The French and Italian governments aren’t playing nice! The Italian deputy prime minister met the yellow vests while he was in France so Macron recalled his ambassador from Rome, something that hadn’t been done since the end of WW2.
This testosterone high fits into the long line of verbal jousting between the two governments. Macron called the Italian government “nationalist lepers”. Salvini, the provocative leader of Italy’s Northern League, said of Macron that he was “a very bad president who governs against the French”. So, as spokesperson for the French government, Benjamin Griveaux said the government has “rung the bell for the end of playtime”.
Playtime may be over, but the play hasn’t ended. As we get closer to the European elections, it’s in the interest of every actor to keep the play running. Macron wants to be seen as a humanist open to the world and as a champion of European idealism and liberalism. On the other side of the stage are Italy’s Salvini and France’s Le Pen whose stock-in-trade is “sovereignism” and the fight against immigration. They use each other to make what they propose look good.
Both of them use the same strategy: they replace the left-right divide with an anti- and pro-Europe divide.
For nearly a century, France’s socialist and communist parties have upheld the notion that class struggle was to be expressed in the elections on a left-right scale while simultaneously claiming to represent the interests of the workers. They have made it a popular belief that, when you belong to the working class, you have to eliminate the right and always vote left.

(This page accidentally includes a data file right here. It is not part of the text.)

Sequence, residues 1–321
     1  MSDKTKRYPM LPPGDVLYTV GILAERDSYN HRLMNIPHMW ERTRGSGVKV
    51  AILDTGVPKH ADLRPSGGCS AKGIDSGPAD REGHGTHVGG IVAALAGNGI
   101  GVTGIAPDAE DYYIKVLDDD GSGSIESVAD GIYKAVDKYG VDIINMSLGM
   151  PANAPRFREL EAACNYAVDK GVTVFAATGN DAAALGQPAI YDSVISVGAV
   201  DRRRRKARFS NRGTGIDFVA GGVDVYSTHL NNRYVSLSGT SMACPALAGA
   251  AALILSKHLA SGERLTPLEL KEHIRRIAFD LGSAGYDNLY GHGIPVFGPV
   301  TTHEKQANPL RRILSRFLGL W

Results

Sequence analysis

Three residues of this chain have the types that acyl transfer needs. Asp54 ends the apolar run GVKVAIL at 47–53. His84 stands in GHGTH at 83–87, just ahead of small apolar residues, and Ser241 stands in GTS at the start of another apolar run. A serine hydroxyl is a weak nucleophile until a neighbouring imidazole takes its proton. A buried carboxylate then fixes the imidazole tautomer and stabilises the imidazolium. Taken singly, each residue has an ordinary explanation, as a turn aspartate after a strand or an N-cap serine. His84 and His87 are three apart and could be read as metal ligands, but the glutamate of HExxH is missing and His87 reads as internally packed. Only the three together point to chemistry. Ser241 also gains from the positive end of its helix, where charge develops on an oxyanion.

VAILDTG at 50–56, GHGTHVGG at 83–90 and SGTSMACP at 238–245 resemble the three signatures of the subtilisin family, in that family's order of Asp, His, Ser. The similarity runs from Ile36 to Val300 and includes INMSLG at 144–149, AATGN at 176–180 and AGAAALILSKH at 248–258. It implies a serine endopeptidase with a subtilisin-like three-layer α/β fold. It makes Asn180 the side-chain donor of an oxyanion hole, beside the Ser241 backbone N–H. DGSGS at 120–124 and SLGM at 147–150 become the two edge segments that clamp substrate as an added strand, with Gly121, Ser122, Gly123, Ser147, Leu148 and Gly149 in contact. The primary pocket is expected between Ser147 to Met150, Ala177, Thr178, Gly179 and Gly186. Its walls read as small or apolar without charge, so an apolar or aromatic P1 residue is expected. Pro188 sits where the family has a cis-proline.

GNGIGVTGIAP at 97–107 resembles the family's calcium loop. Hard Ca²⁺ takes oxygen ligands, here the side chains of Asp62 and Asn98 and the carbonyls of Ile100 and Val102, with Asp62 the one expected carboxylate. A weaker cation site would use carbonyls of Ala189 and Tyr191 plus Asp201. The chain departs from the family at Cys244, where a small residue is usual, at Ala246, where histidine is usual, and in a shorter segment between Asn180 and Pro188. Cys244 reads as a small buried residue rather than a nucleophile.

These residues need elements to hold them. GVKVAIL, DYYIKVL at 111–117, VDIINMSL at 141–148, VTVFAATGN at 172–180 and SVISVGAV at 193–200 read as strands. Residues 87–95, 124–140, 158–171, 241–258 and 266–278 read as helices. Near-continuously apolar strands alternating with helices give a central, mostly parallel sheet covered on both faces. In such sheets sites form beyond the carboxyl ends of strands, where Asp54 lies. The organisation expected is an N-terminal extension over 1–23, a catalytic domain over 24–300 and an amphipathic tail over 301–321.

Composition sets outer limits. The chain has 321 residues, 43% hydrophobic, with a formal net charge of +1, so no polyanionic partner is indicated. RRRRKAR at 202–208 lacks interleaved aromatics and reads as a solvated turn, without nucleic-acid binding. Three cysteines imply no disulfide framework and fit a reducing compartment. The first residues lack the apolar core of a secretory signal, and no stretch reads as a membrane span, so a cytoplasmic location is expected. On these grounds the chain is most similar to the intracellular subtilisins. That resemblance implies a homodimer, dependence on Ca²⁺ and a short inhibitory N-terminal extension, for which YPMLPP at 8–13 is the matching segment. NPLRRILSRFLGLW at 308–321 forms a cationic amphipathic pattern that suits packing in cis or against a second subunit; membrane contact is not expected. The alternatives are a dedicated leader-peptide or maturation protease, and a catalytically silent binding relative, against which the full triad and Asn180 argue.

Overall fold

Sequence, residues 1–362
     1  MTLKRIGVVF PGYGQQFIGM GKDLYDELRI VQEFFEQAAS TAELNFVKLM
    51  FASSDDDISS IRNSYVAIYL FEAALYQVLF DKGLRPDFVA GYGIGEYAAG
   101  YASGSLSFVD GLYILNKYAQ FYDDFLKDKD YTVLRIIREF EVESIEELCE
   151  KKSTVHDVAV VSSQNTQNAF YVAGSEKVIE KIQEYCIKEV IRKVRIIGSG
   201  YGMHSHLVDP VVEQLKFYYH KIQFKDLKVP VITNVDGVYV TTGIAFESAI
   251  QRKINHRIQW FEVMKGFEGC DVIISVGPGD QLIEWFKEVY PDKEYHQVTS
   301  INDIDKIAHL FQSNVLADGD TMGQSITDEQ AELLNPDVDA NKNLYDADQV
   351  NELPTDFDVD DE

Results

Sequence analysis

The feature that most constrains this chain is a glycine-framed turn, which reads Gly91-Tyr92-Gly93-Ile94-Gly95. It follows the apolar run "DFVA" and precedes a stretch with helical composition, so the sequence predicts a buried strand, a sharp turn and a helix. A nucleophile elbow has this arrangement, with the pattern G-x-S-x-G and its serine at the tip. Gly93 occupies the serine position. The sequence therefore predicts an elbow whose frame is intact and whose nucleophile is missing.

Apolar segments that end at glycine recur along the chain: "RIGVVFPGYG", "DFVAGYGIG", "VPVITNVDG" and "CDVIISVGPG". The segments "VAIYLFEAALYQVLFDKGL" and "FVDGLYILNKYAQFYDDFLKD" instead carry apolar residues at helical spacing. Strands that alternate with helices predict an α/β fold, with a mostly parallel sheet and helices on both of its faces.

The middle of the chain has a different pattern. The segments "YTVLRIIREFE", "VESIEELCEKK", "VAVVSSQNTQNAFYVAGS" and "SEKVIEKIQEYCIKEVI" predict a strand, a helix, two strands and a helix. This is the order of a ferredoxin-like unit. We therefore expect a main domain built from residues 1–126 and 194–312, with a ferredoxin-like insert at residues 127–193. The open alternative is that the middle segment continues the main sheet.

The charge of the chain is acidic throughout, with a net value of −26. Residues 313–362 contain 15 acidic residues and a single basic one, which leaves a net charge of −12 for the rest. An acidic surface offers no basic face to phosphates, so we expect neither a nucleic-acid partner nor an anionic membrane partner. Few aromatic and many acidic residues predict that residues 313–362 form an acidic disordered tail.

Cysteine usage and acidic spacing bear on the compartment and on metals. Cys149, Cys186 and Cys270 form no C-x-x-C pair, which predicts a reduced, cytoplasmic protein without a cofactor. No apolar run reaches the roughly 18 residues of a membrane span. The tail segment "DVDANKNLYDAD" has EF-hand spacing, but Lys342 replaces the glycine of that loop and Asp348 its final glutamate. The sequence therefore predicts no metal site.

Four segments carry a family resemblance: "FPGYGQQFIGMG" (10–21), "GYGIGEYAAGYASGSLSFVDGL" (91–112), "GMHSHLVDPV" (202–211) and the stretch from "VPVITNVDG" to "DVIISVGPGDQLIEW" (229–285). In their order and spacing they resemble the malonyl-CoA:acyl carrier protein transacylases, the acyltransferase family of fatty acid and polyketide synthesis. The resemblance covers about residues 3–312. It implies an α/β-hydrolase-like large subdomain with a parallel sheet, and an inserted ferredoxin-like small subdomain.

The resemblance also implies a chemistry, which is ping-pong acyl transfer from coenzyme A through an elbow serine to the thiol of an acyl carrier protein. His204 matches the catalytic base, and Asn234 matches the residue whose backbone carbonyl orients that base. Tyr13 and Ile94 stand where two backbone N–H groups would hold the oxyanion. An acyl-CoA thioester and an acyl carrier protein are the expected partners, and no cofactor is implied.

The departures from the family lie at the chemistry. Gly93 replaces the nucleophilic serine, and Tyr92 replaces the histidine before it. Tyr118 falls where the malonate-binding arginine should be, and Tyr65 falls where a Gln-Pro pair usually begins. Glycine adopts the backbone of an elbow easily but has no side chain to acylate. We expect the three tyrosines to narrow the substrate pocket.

This is how the working classes came to help Mitterrand-Hollande get elected for years only to realize in the end that there were no fundamental differences between their policies and those of Chirac-Sarkozy. Well Macron and Le Pen, behind supposedly irreconcilable differences on Europe or immigration, are setting the same kind of trap for workers.
Some support Europe, others say that they support sovereignty but they are all bourgeois parties. They defend capitalist private property and exploitation. Their reasoning is bourgeois business reasoning and, when in power, they always defend the prosperity of this stinking rich minority over the basic interests of workers and the population.
The nationalist governments admired by Le Pen, the Italian one and Orban’s government in Hungary, pursue anti-working-class policies that are not much different from Macron’s.
Recently, Orban authorized bosses to cumulate up to 400 hours overtime per employee with the possibility of not having to pay for them for up to three years! As for the Salvini-Di Maio team, it’s doing what it can to make the labor market as flexible as possible and, just like Macron, is rolling out the red carpet for big bosses
Even where immigration is concerned, any differences between the two sides is purely cosmetic. Salvini has distinguished himself by his abject behavior: the ships that rescue migrants were prohibited from docking in Italy. Macron was quick to lecture him. But despite calling himself a humanist, he only allows a trickle of immigrants to enter the country and has closed off the borders to economic migrants.
Macron has refused to show solidarity to Italy to help them accommodate the 750,000 people who have arrived there these last few years. Even worse, he has re-established the border in Vintimille (close to the border with Italy), obliging migrants who have already risked their lives to cross the Mediterranean to risk them again by crossing the Alps on foot. Suffice it to say that his policy is just as criminal as Salvini’s.
Macron’s play-acting with the Italian government is a rehearsal for his role against Le Pen in the European elections. All and any problems will be blamed on Europe and the migrants in order to mask the bourgeoisie’s responsibility in the current crisis.
The working class is crushed by big business. The right to live in dignity, to work, to eat and to have decent lodgings can only be imposed by attacking the capitalist class and its power. These are the aims and perspectives of Lutte ouvrière’s list “On the workers’ side against big business”, which will be led by Nathalie Arthaud.